Hypoxia and brain trauma can lead to bleeding inside brain ventricles, which can cause ventricular swelling due to excessive cerebrospinal fluid (CSF). This damages white matter in the brain and impairs the growth of the cerebral cortex, significantly impacting memory, attention, perception, thought, language and consciousness. Hydrocephalus occurs as a secondary result of other brain injuries in a cascade where damage occurs in a feedback loop to cause more damage. This is usually treated using a shunt system to relieve pressure on the brain from CSF.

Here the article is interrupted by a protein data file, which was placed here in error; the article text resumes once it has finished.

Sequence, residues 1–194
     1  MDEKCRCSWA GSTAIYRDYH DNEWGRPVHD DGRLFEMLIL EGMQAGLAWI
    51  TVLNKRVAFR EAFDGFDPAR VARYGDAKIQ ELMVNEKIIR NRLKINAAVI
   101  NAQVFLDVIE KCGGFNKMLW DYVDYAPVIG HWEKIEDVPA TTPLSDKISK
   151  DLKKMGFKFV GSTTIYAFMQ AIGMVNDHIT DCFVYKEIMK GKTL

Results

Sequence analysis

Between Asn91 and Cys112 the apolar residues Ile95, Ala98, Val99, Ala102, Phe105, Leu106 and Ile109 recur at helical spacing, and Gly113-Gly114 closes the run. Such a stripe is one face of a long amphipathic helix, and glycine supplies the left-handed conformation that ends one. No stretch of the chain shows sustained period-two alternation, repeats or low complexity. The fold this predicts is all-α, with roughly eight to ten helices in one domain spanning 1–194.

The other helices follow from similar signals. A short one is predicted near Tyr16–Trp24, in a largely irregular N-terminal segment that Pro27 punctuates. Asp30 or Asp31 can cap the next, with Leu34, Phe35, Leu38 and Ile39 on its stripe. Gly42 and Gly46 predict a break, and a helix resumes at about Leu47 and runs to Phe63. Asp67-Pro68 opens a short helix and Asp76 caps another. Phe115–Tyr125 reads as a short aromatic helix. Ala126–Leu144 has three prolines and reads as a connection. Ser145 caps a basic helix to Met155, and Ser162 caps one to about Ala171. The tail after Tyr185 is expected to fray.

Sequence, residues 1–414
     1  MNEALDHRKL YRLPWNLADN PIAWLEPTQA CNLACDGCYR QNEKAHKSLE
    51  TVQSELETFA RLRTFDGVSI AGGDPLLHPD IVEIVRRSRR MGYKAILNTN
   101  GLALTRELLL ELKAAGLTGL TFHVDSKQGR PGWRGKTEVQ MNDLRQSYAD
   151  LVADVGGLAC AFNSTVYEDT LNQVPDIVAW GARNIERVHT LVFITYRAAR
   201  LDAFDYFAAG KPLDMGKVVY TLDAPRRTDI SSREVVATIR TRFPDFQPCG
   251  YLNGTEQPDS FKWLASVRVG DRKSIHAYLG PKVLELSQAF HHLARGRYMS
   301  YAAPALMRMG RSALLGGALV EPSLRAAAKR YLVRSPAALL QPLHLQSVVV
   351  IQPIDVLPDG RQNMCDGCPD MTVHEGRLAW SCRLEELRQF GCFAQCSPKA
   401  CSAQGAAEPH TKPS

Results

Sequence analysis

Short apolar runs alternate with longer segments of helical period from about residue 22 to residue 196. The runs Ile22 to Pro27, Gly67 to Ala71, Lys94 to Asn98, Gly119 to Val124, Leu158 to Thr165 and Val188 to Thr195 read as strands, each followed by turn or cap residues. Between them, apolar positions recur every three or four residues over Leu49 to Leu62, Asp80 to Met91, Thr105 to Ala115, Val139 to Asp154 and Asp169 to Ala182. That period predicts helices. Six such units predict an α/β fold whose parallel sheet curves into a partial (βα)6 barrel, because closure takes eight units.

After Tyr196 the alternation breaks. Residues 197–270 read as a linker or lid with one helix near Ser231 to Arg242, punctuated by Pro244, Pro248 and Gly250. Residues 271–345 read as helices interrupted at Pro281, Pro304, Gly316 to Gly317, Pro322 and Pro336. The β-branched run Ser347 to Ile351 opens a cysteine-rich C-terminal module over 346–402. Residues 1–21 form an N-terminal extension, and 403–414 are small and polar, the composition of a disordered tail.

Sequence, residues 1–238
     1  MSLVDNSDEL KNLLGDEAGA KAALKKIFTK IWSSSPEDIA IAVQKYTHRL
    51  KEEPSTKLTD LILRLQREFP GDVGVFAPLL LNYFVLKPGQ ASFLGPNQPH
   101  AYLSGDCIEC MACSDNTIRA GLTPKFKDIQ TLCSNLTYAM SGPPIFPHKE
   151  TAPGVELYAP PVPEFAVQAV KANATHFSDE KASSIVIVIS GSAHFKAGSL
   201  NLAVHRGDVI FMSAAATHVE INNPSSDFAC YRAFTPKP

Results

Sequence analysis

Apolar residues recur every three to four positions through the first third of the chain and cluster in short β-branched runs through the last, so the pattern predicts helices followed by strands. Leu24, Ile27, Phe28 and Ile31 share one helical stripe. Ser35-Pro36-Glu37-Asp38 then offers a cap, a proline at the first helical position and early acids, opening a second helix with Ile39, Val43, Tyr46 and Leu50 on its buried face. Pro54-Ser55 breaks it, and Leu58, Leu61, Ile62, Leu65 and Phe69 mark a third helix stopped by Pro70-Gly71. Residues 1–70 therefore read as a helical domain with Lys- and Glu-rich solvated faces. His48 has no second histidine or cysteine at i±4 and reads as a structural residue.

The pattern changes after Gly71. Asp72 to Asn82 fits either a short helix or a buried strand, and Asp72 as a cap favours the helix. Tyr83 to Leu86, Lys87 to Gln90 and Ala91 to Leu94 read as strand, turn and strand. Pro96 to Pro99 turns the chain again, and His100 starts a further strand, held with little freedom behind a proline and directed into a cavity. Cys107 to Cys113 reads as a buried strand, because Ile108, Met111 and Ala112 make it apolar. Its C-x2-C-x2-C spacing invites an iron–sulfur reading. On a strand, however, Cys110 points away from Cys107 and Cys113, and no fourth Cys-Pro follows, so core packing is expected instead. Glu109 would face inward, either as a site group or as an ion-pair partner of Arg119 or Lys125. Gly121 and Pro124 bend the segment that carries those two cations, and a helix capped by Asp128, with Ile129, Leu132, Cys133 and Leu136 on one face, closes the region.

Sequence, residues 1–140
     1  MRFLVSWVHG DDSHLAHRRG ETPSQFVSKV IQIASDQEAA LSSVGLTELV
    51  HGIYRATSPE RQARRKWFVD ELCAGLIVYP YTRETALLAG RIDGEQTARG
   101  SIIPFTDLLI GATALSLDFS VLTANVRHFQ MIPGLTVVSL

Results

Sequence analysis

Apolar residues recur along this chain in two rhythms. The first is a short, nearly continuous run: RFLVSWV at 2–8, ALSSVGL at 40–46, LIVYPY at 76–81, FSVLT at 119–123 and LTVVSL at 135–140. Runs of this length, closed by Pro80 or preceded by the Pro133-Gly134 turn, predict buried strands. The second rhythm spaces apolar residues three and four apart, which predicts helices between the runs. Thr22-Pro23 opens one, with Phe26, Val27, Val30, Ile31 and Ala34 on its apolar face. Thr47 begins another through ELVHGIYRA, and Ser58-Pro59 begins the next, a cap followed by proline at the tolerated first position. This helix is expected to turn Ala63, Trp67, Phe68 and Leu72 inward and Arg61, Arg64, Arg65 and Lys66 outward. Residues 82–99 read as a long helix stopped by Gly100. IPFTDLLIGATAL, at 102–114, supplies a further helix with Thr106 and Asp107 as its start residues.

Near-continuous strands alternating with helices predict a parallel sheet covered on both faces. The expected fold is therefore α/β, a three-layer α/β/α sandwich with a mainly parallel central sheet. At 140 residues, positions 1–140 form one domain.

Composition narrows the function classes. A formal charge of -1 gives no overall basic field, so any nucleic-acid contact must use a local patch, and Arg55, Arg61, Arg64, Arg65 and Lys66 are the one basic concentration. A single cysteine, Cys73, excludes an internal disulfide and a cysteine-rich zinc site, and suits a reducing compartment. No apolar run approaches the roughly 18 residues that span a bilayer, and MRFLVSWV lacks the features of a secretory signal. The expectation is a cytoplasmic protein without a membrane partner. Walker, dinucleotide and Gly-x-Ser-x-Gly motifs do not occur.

Permanent damage to a baby’s brain can occur when a baby experiences a lack of oxygen (hypoxia), head trauma or complications around the time of birth. Hypoxia and trauma can cause bleeding inside the ventricles of the brain, called an intraventricular hemorrhage (IVH). This can progress to significant swelling of the ventricles, called hydrocephalus. The swelling is caused by too much cerebral spinal fluid (CSF). Hydrocephalus can lead to damaged blood vessels and destruction of white matter in the brain, and the cerebral cortex may not develop properly. White matter is important because it regulates the electrical signals between cells called neurons. It is responsible for transmitting information throughout the brain, to the spinal cord, and outside the brain to the rest of the body. These signals control our bodily functions; nerve cells that transmit signals to the brain, or neurons that regulate breathing or heart rate, would be unable to perform their tasks without white matter. The cerebral cortex plays a key role in memory, attention, perceptual awareness, thought, language and consciousness. Hydrocephalus can cause a child to have brain / developmental impairment with many lifelong conditions, such as seizures, cerebral palsy, and developmental delays that affect reasoning, memory, speech or other learning and communication abilities.